Students must consider the issues, opportunities and constraints involved in image and content copyright. They should be aware of the circumstances and conditions in which it is acceptable to incorporate images and content originated by others, and of the appropriate steps to take to ensure permission to reproduce their own work is suitably managed. Students should be familiar with contemporary and emerging concepts and learn how to analyse and critically evaluate photography, demonstrating an understanding of purposes, meanings and contexts. When undertaking work in photography, students should also engage with:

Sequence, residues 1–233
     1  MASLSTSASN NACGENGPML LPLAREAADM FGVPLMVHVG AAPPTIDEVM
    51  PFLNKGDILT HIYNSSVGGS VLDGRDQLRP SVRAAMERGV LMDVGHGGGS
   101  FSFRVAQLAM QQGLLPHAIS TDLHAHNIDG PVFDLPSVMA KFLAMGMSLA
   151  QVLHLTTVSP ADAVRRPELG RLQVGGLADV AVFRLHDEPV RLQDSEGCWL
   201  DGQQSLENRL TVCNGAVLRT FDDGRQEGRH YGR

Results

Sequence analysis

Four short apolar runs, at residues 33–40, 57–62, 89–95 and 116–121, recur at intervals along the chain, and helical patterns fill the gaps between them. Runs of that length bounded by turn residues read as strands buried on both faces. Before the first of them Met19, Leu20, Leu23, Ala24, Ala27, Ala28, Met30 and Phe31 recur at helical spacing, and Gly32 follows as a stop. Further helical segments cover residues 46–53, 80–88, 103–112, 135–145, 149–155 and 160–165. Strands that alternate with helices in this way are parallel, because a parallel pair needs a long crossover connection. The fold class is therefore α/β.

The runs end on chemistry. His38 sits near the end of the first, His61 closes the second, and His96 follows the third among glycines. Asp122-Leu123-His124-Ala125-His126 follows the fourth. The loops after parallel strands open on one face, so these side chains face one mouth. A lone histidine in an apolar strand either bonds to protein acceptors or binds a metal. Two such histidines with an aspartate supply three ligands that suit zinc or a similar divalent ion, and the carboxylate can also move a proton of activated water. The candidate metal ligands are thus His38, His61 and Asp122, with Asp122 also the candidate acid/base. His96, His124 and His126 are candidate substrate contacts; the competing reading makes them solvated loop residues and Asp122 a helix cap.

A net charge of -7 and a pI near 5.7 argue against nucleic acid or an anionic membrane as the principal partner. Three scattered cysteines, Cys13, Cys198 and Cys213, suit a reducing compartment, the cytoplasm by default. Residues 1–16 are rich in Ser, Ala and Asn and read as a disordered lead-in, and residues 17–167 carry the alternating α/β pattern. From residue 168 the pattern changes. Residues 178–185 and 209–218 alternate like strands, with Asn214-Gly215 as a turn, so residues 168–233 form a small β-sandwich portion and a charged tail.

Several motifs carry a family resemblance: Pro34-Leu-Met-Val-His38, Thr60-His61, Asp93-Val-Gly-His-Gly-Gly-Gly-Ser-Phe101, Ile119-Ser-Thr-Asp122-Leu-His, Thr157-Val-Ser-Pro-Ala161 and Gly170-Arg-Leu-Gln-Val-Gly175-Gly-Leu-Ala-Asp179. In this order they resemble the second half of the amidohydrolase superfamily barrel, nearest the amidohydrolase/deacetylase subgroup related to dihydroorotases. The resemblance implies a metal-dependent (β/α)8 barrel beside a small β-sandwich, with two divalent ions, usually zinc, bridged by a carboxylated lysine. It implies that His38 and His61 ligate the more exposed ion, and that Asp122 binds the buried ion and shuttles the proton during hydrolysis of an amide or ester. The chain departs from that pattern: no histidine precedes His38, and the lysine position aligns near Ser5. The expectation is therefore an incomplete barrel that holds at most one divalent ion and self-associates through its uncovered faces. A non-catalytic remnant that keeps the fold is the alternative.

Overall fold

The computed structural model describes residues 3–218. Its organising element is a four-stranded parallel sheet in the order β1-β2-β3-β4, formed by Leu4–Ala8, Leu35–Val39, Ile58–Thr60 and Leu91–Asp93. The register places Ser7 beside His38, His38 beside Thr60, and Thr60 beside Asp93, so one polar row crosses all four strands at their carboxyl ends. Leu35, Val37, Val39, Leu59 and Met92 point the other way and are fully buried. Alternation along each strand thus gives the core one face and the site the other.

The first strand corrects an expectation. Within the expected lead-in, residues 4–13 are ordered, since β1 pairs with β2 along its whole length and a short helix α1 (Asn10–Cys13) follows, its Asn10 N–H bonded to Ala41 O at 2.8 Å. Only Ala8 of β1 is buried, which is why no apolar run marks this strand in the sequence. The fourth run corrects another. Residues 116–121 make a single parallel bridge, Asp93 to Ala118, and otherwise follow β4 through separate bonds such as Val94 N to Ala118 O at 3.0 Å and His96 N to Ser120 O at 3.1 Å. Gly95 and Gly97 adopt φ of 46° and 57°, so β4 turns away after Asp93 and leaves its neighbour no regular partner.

Disciplines within photography For the purposes of this qualification, photography is sub-divided into the following three disciplines:
Students will be required to work in one or more of the disciplines to communicate their ideas. By working across disciplines, they will extend their understanding of the scope of photography; by focusing on one discipline, they will gain a deeper understanding of specific processes within photography.